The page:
Submitted: 25 January 1994
Charles R. Garten, Esq.
Charleston, West Virginia
Counsel for Appellant
Debra L. Dalton, Esq.
Monroe County Prosecuting Attorney
Union, West Virginia
Counsel for Appellee
JUSTICE NEELY delivered the Opinion of the Court.
1. Under W.Va. Code 18-4-7a , in hiring an
assistant superintendent of schools for curriculum and instruction,
seniority is not a required consideration, nor does the date that
respective doctorates were awarded create any order of precedence
among competing candidates.
2. In general, the higher the governmental position to which a candidate for employment aspires in terms of its policy- making authority, the more legitimate that candidate's positions on public issues become as criteria for employment.
Giles Jones appeals an order of the hearing examiner for
the West Virginia Education and State Employees Grievance Board
that denied a grievance filed by Mr. Jones, challenging the refusal
of the appellee, Monroe County Board of Education ("the Board"), to
place him in the position of director of curriculum and
instruction. Mr. Jones alleged that despite qualifications
superior to and experience and seniority greater than the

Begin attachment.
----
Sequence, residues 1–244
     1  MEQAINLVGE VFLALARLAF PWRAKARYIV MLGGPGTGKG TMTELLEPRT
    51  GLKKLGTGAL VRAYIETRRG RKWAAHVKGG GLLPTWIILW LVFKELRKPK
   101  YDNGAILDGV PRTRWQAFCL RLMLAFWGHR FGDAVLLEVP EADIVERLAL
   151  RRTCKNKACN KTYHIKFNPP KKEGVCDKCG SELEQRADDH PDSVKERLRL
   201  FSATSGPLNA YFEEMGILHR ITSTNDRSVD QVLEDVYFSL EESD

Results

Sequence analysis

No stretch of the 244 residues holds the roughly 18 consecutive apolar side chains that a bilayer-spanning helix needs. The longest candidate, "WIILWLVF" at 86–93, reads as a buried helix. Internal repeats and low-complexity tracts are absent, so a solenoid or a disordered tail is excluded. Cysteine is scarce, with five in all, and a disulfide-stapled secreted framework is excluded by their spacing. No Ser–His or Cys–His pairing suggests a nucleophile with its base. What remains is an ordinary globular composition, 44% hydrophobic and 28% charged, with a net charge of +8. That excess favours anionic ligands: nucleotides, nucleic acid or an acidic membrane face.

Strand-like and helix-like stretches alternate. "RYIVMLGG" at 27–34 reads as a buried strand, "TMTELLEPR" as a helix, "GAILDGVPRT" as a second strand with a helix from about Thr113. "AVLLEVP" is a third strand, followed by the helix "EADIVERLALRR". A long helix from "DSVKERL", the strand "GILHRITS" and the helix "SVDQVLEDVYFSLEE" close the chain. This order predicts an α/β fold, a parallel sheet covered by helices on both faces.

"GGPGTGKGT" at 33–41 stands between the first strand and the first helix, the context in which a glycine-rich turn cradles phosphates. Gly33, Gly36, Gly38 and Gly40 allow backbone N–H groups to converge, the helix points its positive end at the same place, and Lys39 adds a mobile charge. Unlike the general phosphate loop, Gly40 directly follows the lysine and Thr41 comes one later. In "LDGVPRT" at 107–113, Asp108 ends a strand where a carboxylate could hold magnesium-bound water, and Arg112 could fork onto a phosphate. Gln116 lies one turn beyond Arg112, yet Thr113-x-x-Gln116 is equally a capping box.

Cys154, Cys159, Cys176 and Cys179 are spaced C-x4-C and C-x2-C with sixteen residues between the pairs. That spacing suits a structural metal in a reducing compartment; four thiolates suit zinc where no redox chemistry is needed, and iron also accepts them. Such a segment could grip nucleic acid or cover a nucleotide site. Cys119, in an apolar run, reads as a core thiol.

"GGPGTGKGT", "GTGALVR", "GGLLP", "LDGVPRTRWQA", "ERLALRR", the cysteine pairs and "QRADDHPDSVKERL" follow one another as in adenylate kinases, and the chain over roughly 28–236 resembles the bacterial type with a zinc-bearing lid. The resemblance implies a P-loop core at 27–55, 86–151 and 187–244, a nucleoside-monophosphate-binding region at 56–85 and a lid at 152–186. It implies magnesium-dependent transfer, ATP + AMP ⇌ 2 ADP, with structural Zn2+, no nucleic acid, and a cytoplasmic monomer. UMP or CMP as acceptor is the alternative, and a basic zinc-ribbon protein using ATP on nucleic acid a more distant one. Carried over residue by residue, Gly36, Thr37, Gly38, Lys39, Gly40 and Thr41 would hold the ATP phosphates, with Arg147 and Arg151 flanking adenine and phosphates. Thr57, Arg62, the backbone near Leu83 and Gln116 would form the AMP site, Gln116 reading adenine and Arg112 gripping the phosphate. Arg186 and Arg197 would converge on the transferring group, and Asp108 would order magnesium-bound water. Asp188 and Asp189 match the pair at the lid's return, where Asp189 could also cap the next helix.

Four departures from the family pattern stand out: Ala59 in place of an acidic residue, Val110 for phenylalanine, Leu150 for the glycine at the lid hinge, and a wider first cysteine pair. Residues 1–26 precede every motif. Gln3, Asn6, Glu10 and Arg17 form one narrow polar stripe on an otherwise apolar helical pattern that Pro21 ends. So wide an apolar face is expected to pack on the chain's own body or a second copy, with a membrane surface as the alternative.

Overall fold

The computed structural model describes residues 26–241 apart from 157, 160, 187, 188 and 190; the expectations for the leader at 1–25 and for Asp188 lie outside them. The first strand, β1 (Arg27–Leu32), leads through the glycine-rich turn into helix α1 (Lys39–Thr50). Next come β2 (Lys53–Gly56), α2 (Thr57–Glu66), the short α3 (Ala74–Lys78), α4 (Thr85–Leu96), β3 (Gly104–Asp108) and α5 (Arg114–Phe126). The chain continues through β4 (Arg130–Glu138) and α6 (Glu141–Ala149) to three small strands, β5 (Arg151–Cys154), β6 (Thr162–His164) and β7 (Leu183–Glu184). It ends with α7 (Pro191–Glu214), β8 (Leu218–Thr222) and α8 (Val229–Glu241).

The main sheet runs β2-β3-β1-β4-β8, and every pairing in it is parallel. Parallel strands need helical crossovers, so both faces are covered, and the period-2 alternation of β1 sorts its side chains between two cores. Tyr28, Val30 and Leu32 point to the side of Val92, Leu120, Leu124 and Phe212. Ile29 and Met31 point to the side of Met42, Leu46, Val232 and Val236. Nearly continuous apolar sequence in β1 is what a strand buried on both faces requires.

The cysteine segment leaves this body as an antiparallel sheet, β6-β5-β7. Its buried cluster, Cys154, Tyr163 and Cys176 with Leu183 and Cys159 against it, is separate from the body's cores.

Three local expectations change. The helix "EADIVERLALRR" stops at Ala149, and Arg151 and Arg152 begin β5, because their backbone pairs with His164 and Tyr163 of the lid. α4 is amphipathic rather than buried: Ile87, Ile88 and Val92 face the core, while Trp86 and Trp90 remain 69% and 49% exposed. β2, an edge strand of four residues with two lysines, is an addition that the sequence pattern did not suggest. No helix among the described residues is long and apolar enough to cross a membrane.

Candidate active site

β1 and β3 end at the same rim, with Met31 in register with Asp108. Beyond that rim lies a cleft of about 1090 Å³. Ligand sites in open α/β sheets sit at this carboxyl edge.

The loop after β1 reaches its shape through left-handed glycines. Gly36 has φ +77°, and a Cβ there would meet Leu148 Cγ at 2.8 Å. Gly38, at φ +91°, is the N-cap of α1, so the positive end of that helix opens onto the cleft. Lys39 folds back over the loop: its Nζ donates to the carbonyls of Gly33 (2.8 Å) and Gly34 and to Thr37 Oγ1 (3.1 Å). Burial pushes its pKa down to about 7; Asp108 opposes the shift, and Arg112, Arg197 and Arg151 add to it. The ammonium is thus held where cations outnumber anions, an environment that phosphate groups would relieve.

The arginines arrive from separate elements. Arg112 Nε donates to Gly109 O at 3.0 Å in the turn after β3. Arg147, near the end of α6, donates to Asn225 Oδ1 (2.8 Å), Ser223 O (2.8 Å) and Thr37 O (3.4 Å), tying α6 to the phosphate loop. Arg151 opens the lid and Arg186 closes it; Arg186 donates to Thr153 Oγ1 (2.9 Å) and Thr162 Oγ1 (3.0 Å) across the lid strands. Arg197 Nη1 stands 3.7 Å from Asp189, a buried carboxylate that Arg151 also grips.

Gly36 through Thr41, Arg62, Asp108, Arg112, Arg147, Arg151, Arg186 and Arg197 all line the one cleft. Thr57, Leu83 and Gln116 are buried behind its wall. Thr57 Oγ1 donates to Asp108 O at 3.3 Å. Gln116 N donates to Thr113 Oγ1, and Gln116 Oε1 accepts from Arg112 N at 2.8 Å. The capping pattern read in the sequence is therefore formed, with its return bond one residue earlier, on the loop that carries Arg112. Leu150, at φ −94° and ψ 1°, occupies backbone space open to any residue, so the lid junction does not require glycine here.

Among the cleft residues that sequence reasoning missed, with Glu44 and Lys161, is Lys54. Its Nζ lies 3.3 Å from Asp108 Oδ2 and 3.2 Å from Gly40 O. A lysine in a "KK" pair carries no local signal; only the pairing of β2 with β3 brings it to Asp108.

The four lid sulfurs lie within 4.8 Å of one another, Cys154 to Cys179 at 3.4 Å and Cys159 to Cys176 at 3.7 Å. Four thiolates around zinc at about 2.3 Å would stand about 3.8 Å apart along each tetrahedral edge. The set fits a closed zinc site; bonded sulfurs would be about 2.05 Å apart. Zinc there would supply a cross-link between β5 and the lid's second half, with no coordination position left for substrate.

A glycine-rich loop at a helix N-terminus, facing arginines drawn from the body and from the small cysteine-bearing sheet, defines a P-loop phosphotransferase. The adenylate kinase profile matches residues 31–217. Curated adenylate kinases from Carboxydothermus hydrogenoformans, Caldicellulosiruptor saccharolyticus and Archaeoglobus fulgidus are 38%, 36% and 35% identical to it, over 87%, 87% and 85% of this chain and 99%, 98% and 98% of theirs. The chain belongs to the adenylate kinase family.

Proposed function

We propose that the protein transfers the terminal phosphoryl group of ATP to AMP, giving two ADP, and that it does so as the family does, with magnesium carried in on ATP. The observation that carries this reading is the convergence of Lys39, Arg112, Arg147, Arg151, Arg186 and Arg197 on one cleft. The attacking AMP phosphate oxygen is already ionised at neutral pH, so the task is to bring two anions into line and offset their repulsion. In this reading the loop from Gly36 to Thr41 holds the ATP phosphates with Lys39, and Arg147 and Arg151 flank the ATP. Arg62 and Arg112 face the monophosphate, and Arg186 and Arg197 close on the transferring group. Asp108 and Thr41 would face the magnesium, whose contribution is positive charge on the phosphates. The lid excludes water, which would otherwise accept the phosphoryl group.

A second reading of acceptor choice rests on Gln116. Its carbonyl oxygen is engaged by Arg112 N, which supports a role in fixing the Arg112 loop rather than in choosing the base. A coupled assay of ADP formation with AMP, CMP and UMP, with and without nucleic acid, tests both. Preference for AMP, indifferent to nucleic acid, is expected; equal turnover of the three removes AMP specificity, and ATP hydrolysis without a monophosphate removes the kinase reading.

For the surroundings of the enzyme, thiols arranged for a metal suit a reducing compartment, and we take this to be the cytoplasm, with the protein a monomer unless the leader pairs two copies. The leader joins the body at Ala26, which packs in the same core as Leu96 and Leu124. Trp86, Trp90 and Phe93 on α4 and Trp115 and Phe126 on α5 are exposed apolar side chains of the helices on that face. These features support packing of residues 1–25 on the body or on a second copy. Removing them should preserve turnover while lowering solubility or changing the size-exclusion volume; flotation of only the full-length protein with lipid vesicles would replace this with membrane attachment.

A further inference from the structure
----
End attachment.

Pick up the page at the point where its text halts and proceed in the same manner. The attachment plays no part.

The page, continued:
successful applicant, he was denied the job due to his stated
position on school consolidation.
The Board admitted through its superintendent of schools
at the hearing conducted before the hearing examiner for the West
Virginia Education and State Employees Grievance Board that Mr.
Jones did not get the job because he had actively opposed
consolidation. The hearing examiner upheld the Board's denial.
This matter then was appealed to the Circuit Court of
Kanawha County where the circuit court affirmed the decision of the
hearing examiner for the West Virginia Education and State
Employees Grievance Board and denied the relief sought by Mr.
Jones. We granted this appeal to determine whether any violation
of the seniority provisions governing the hiring and tenure of
central office administrative personnel had been violated and to determine whether there had been any violation of appellant's First
Amendment rights. We find that the Board neither violated any
statute nor Mr. Jones' First Amendment rights; therefore, we
In 1976 Mr. Jones was awarded a doctorate in educational
administration as well as a cognate in mathematics from Virginia
Polytechnic Institute (VPI). The successful applicant for the
position of director of curriculum and instruction, Mr. Tom
Williams, received a doctorate in educational administration from
VPI in 1987.
Mr. Jones served as assistant principal and mathematics